Rouhani’s Criticism of the Decisions Made by the Guardian Council:

Ahead of Iran’s parliamentary elections, Rouhani had criticized the Guardian Council. In reference to the negative impact on Iranian political life since the Guardian Council was first established; he said that the first two parliamentary sessions that were held before the establishment of the Guardian Council were more effective and had parliamentarians that were competent enough to serve the people.

After the Guardian Council had announced the mass disqualifications, President Hassan Rouhani said that Iran’s political currents are not fully represented by those who have been allowed to run in the 2020 parliamentary elections, in reference to the exclusion of “reformist” candidates.

The Chairman of the Guardian Council, Ahmad Jannati, stated that the elections will be competitive and that all political currents will be represented in the electoral contests.

Disqualified Parliamentarians:

From the 248 members of Parliament who decided to run for a seat in the new Parliament, the Guardian Council disqualified 90 resulting in a number of questions being raised by the Iranian public such as:

What kind of offenses did these members of Parliament commit during the past four years while serving as representatives of the people that prevented them from running for the 2020 elections?

As lawmakers who have been declared unworthy to run for the upcoming elections, would they still have the powers to make laws for the state and monitor the performance of the government until the end of the parliamentary session? If yes, how would they be able to do so while considered as unworthy to run again for elections by Iran’s political system?

The disqualifications of parliamentarians led to a war of words between the Guardian Council and the Parliament, as Iran’s Guardian Council Spokesman Abbas Ali Kadkhodaei said that most of the current lawmakers were disqualified for “financial problems.” Parliamentarians, however, defended themselves calling him a “liar. ”

The US Sanctions Against the Guardian Council:

The wide disqualification of pro-reform candidates attracted attention in the United States. The US special envoy to Iran, Brian Hook, described the Iranian elections as a “political play. ” On the eve of the election, the United States imposed sanctions on five senior Iranian officials. The US Treasury blacklisted Ahmad Jannati, the Secretary of the Guardian Council, Abbasali Kadkhodaei, Spokesman for Iran’s Guardian Council and three additional members of the Guardian Council’s  Elections Supervisory Committee: Mohammad Hassan Sadiq Muqaddam, Mohammad Yazdi,  and Siamak Rah-Peyk.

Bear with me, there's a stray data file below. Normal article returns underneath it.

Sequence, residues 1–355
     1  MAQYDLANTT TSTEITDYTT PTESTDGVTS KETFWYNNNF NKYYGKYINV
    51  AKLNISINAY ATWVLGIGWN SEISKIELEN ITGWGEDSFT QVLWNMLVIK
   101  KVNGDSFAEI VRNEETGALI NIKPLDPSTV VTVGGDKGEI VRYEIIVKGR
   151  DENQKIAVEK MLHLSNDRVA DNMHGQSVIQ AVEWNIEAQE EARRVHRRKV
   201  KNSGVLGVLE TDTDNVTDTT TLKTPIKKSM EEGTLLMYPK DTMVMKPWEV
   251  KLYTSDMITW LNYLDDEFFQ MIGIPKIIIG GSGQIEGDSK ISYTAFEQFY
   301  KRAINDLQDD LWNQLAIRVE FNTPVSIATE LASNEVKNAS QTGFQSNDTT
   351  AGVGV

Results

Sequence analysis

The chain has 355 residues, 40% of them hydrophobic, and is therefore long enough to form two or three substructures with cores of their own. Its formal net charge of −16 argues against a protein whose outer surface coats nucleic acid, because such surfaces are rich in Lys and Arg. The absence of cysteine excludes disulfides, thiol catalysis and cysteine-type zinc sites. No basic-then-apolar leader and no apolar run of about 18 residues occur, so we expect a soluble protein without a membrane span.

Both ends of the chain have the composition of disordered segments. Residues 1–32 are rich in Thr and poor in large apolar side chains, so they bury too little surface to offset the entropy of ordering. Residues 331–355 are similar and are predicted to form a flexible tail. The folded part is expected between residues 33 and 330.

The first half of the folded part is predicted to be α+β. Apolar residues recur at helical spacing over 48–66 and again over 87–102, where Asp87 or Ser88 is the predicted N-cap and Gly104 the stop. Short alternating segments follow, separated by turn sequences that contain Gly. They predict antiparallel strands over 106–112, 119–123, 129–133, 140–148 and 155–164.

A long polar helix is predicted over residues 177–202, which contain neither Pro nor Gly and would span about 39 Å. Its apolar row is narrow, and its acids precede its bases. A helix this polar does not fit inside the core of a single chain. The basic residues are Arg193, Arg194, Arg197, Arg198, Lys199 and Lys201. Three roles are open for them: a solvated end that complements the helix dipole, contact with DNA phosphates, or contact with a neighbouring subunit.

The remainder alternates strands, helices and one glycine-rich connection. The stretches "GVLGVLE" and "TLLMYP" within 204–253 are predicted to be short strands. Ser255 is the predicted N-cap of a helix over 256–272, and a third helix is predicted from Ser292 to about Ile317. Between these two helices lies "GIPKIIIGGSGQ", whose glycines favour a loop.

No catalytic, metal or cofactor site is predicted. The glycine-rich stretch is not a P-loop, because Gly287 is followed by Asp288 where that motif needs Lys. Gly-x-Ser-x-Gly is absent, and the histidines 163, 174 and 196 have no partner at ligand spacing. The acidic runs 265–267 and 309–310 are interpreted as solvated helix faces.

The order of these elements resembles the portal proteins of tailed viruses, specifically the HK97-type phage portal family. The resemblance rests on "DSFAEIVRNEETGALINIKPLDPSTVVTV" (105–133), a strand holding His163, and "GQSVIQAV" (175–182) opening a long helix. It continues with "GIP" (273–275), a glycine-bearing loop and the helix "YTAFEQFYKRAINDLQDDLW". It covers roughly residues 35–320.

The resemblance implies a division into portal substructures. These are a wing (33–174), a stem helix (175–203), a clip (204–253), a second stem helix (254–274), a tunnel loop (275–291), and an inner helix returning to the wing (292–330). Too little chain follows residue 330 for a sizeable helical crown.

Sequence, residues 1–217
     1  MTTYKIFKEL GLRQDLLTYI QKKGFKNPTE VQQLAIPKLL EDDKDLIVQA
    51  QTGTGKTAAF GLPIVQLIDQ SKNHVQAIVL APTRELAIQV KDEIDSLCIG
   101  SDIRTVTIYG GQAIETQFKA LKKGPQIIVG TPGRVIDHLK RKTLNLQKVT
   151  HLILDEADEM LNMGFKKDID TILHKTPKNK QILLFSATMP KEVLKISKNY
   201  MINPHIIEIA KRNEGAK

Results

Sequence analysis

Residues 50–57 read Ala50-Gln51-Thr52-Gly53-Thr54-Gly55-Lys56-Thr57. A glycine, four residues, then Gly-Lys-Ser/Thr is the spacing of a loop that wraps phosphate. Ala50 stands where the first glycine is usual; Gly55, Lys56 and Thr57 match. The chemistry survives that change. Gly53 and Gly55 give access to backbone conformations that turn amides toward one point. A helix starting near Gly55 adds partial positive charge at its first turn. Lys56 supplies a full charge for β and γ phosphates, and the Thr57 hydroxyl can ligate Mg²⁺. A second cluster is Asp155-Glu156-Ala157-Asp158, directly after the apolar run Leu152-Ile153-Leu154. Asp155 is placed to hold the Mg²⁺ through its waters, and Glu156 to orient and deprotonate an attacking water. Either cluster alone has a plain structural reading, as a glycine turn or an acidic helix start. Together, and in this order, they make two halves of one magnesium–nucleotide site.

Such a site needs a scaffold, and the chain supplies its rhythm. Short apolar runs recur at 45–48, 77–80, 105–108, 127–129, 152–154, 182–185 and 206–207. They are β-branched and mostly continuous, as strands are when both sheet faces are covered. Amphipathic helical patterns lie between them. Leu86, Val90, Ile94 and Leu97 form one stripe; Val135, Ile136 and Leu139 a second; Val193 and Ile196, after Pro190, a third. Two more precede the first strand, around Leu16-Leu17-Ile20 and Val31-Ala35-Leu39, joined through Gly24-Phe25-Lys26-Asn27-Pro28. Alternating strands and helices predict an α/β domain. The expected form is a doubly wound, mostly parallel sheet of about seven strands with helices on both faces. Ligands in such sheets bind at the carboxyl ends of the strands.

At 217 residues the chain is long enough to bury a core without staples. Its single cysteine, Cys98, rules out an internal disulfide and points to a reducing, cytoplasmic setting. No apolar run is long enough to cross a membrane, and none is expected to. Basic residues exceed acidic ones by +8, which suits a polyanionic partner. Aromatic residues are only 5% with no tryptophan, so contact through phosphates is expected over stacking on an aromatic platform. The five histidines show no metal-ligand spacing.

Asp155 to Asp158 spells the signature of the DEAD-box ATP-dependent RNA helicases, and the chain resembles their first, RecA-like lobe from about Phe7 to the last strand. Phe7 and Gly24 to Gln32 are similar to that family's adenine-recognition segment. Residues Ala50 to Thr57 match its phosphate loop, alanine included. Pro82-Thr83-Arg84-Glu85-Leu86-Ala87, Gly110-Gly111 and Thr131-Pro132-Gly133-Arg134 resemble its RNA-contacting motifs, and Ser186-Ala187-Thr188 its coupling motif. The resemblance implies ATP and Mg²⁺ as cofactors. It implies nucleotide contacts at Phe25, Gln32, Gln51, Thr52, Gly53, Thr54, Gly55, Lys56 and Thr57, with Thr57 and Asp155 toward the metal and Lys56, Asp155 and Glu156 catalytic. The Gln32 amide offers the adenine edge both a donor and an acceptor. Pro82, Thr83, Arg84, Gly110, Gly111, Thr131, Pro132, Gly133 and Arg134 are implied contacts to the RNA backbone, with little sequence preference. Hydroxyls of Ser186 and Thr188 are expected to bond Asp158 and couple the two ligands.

Iran’s Election Leaves Voters Out in the Cold, With a Record Low Turnout

Prominent lawmakers in the previous legislative term who had played the biggest role in exposing and condemning corruption were disqualified from running. Those disqualified lawmakers included Ali Mothari, the son-in-law of Ali Larijani, Mohammadreza Tabish, Hossein Naqavi Hosseini, Behrouz Nemati, Elias Hazrati, and Mahmoud Sadeghi who raised the issue of shady bank accounts belonging to the judicial authorities.

Ali Larijani, who had been elected as Parliament speaker for three consecutive terms since 2008, did not stand for re-election in the 2020 elections, announcing his decision when the candidacy registration opened. He was joined in this decision to stand down by the head of the “reformist” bloc in the Parliament, Mohammed Ali Reza Aref, with some suggesting that Larijani and Aref may have withdrawn in order to run in the country’s 2021 presidential elections.

A List of Groups Associated with the “Conservatives”